Programming: A 21st Century Creative Medium

Last Updated: September 22, 2016 3:43 pm
Programming: A 21st Century Creative Medium

Programming: A 21st Century Creative Medium

In many discussions, art is contrasted with technology and science. We say that kids are “artsy” or “techy,” that people are “left-brain thinkers” (logical or analytical) or “right-brain thinkers” (creative and artistic). Many worry that schools, from elementary schools to universities, are sacrificing their arts programs in favor of a greater emphasis on STEM—whereas others feel this shift is not happening quickly enough in order to meet the demands of a changing economy.

In 1968, Donald Knuth published the first volume of what would become one of the defining texts of Computer Science. He called this book The Art of Computer Programming. Knuth says the title was deliberate. He argues that programming is an art as well as a science because it requires both left-brain thinking to work out the logic of the program, as well as right-brain thinking to devise creative solutions and produce elegant designs.

Programming is an Artistic Tool

Regardless of whether you think programming is an art in and of itself, it’s clear that programming is being used to add to art with motion and interactivity, especially by kids. As they learn valuable STEM skills, they can make incredible storytelling projects, beautiful animations, programmatic drawing, and captivating games. Many young artists see programming in the same way they see painting, drawing, or sculpting: a tool they can use to bring to life what’s in their imagination.


Programmatic drawing is just one way that kids can bring their ideas to life with code.

Emily, the mother of 4th grader and avid Tynkerer Julian, says she loves seeing what her son has been able to create with programming: “It’s the language of creativity. [My children] actually don’t have a lot of screen time, and the only time we allow them to have screen time is if they’re doing something creative. They’re very driven to not just watch things, but do something creative.” Julian used Tynker to program an incredibly detailed game called “The Flying Penguin Game,” for which he created all his own visuals by taking photographs and editing them using Tynker’s image editing software. The game starts with a compelling backstory of why the penguin is lost and how he needs your help to get back home.

The flying penguin gameplay

Kids can use their own drawings and photos to make games.

Julie is the mother of Kira, who is in 7th grade and loves animals, coding, and art. Julie says she’s known Kira was a talented artist since she was three, but learning to code has given her even more ways to express herself artistically. For Julie, it’s clear that Kira being left-brain and right-brain is not a contradiction; they’re just two sides of the same coin, and they allow her to create beautiful animations and stories: “It’s her thing. She’s artsy, she’s techy, she’s just talented.”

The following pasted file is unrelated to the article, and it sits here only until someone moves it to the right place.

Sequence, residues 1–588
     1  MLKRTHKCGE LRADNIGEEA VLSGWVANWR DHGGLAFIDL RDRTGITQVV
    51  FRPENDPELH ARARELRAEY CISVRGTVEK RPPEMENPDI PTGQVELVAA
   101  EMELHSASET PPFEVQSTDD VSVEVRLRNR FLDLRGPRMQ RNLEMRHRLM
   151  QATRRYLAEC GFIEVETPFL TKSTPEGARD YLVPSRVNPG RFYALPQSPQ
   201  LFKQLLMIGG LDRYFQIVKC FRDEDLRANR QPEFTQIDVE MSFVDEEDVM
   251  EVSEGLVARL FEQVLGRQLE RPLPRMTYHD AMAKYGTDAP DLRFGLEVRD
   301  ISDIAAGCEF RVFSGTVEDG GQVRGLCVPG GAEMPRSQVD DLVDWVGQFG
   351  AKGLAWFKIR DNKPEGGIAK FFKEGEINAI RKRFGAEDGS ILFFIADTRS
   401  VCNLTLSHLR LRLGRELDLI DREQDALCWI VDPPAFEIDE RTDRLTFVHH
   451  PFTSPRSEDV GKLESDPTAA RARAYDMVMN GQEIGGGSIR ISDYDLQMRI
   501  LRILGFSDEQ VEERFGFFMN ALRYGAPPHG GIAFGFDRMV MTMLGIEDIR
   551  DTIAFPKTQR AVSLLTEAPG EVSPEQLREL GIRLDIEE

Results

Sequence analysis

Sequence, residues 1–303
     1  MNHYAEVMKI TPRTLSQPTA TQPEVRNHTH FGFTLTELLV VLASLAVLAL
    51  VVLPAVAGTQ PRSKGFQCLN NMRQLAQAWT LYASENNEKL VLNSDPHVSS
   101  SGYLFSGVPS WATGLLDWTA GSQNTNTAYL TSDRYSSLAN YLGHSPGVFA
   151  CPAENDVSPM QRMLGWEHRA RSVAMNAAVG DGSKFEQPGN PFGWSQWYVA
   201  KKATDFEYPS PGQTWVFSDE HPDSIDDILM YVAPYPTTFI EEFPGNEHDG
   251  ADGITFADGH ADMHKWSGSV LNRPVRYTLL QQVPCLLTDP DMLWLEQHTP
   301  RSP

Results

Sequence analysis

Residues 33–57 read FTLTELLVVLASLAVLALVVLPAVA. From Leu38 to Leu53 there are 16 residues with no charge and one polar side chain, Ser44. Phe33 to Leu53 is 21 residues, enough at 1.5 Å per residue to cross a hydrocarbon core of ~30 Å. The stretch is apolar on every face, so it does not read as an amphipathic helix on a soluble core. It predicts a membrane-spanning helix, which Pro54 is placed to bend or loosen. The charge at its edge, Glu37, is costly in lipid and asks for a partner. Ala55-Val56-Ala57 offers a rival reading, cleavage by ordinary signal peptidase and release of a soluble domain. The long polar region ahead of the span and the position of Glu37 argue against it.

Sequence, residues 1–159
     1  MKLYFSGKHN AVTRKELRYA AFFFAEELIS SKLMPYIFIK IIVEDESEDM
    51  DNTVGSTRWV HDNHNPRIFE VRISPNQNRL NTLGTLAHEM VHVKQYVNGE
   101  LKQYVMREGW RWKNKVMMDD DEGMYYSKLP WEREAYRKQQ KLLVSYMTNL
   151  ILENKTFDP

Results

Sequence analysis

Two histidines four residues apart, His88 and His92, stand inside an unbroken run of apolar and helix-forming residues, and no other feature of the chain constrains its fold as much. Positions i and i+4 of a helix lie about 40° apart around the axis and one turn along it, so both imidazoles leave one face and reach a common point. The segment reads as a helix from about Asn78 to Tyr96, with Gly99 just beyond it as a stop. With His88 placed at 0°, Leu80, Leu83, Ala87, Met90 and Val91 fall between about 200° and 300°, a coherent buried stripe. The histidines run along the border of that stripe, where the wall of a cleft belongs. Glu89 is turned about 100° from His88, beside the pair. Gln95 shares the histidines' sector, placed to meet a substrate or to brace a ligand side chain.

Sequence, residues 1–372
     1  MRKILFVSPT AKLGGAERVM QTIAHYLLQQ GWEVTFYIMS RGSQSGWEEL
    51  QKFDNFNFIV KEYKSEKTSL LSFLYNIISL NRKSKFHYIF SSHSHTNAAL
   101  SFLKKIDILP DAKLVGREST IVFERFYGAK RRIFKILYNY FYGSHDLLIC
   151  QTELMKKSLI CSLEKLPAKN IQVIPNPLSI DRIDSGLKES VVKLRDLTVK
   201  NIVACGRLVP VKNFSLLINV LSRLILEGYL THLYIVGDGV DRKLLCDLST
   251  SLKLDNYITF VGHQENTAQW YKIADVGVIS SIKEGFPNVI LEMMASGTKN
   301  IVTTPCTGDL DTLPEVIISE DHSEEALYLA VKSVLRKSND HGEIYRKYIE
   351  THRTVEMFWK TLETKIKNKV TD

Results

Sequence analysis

Kira - dragon SMALL
Kira - Bird SMALL

Coding allows kids to combine just a couple of drawings to tell animated stories.

Phil is also the parent of an artist, his 12-year-old daughter Abby. Abby, who wants to work on special effects for movies when she grows up, has made some amazing interactive projects that combine incredibly intricate artwork with programming logic, like her “Anime Face Maker” project. For Abby, coding is a natural extension of her artwork. Phil says the most exciting part of Abby learning to code is seeing her “bring her art to life in new ways through coding.”

Anime Face Maker

Kids can make their drawings interactive, so the user can customize the art.

Even if you don’t see programming as an art, today’s kids are undoubtedly using it to create unbelievable artistic projects, making it a perfect way to get STEM-inclined kids interested in art as well as to get art-inclined kids engaged in STEM. If your child loves science, they’ll love how programming allows them to use their technical skills in creative ways, and if your child is an artist, they’ll love the open-endedness of coding.

All of these games and projects were created by kids using the free Tynker app for iPad tablets. Tynker’s fun, game-based programming courses teach kids how to code in an engaging way that allows them to express themselves creatively as they build apps, design games, and create animations. Our programming curriculum allows kids to learn to code at home or at school.

About Tynker

Tynker enables children to learn computer programming in a fun and imaginative way. More than 60 million kids worldwide have started learning to code using Tynker.